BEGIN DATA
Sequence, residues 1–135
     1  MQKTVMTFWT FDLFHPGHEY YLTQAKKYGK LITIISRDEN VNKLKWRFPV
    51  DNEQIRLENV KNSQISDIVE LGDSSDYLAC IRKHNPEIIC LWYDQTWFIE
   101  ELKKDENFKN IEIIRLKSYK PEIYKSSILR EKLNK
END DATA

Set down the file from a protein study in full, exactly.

Sequence, residues 1–135
     1  MQKTVMTFWT FDLFHPGHEY YLTQAKKYGK LITIISRDEN VNKLKWRFPV
    51  DNEQIRLENV KNSQISDIVE LGDSSDYLAC IRKHNPEIIC LWYDQTWFIE
   101  ELKKDENFKN IEIIRLKSYK PEIYKSSILR EKLNK